Then, a list of the apps you have used, along with their screen times, is displayed at the bottom. If you tap a bar in the graph, you can see information for that day (or hour), giving you great insight into how your app usage may increase or decrease over hours or days.

The third screen displays the number of app launches. It looks fairly similar to the screen time view, but this one keeps track of the number of times you open an app.

The fourth screen shows the number of notifications you receive per app. This is one of the most eye-opening screens of the app, since you never realize how many notifications you receive per day until someone counts them for you. The screen is virtually identical to the previous two, but they show the number of notifications instead.

Finally, the last screen shows the number of times you unlocked your phone weekly or hourly. There’s also an additional feature to show the session length of each unlock, but this is reserved for Plus users.

Sadly, some of this functionality is a bit buggy sometimes. For example, when I got the screenshots for this review, some days were missing information, even though I had obviously used my phone on those days. Hopefully, this kind of stuff is fixed soon, especially if you decide to pay for Plus (more about it later).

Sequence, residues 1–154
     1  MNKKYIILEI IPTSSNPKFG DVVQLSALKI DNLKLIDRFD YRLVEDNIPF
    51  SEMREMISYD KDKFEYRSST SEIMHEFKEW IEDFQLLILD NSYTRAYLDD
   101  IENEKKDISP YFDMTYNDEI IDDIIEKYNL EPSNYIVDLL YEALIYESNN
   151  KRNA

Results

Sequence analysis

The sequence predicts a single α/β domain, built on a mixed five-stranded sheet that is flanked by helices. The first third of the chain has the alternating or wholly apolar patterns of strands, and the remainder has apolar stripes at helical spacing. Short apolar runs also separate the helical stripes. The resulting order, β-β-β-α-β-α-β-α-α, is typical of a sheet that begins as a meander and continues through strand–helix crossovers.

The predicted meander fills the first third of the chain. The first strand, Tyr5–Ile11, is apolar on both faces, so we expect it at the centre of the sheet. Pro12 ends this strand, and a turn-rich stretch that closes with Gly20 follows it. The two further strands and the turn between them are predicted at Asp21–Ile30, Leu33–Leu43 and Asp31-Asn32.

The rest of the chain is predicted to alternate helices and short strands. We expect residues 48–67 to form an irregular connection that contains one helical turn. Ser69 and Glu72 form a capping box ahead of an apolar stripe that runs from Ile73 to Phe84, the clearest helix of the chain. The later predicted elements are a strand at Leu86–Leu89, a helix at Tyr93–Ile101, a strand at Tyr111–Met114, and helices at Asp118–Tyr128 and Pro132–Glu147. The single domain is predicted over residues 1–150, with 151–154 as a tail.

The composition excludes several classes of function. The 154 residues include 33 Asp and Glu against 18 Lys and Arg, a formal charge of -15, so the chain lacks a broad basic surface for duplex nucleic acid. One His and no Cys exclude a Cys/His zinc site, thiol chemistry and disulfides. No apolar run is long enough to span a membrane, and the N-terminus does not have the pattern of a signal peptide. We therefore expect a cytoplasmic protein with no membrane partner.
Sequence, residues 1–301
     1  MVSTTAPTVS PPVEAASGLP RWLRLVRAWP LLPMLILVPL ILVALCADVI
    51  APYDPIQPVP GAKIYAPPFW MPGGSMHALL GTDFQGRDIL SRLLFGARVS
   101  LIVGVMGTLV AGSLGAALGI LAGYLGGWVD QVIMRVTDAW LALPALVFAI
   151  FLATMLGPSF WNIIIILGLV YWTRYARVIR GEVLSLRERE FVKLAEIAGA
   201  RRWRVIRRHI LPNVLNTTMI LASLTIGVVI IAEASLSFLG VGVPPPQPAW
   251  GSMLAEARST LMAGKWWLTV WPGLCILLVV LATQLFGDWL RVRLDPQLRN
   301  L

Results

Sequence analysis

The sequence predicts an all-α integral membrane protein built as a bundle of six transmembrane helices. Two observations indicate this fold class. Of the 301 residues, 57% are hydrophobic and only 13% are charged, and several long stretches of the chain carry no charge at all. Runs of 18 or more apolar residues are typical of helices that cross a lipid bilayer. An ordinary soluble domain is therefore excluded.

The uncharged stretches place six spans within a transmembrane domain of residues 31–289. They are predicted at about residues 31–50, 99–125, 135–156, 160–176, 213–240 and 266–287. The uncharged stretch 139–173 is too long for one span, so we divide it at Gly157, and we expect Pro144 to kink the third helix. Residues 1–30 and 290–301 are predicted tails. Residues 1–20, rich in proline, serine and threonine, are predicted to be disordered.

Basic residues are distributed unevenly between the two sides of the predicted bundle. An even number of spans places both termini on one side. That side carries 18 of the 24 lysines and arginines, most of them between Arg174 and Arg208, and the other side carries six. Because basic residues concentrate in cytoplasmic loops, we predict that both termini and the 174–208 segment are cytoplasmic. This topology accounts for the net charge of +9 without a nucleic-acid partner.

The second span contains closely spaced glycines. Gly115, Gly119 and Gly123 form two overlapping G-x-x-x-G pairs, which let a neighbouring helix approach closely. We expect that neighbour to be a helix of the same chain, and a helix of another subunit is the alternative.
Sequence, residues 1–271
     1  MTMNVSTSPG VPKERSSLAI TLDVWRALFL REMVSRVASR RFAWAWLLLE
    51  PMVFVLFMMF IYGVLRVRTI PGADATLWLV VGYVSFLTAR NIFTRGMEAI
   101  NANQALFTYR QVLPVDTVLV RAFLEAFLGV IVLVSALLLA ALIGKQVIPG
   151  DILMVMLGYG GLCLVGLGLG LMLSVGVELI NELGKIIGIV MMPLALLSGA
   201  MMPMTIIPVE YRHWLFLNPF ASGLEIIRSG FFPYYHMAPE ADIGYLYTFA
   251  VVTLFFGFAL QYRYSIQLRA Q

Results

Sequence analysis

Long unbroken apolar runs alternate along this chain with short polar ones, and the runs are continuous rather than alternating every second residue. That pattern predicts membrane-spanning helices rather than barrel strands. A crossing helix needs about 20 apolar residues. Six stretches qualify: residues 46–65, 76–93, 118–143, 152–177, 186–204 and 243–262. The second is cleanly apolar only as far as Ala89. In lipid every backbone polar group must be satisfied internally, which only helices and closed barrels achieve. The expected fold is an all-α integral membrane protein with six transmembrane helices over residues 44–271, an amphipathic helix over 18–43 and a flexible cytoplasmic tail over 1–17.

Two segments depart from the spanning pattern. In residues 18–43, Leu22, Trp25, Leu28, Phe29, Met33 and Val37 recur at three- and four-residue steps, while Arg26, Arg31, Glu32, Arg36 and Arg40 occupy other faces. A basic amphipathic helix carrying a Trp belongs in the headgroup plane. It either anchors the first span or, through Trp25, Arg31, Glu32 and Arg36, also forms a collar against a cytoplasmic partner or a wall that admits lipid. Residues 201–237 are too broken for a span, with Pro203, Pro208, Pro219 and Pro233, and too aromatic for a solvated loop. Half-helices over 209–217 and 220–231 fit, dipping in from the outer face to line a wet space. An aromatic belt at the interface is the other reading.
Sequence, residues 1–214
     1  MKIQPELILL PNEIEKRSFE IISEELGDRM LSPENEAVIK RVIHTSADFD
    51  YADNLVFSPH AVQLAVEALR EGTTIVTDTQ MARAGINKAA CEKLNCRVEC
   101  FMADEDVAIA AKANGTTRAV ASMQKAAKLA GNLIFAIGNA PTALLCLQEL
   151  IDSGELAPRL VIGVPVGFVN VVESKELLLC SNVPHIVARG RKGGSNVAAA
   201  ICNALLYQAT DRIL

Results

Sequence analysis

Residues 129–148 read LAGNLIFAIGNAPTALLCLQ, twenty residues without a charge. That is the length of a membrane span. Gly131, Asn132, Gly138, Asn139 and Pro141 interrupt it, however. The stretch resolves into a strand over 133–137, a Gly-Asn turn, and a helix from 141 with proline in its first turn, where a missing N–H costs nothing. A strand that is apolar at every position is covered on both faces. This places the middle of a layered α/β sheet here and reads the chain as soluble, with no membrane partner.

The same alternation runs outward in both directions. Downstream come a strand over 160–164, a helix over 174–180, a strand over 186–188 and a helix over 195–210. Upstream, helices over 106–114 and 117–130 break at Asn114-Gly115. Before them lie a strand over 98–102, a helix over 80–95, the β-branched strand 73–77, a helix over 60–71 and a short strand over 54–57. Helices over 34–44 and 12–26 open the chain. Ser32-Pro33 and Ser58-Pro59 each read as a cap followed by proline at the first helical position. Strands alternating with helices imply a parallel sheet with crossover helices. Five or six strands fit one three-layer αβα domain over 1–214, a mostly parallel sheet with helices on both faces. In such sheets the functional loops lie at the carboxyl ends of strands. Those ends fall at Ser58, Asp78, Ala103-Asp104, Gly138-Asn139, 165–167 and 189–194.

App details

In each screen where there is app information, you can tap on an app and you will be taken to a page that shows statistics for that app alone.

Here you can see the screen time, app launches, and notifications for particular apps. The screen time view also features a useful graph that shows the app session length (the number of minutes between opening the app and closing it).

Other features

One of the most prominent features is a notification that arrives daily at your preferred time (Default: 9PM). The notification displays information about your usage (think: dashboard screen), and it will compare your screen time with the previous day.

While it is a nice feature to have, the screen time comparison at the time of writing is not reliable. Maybe half of the notifications I have received have displayed erroneous information, like “Today’s screen time was 5 hrs, 15 min. That’s up 5 hrs, 15 min from yesterday.” Apparently this is a hard-to-track bug, but the developer says that he’s working on it.

One of the biggest features of Google’s Digital Wellbeing is the fact that you can configure it to limit your app usage after some time. For example, you can set a limit of one hour of YouTube a day.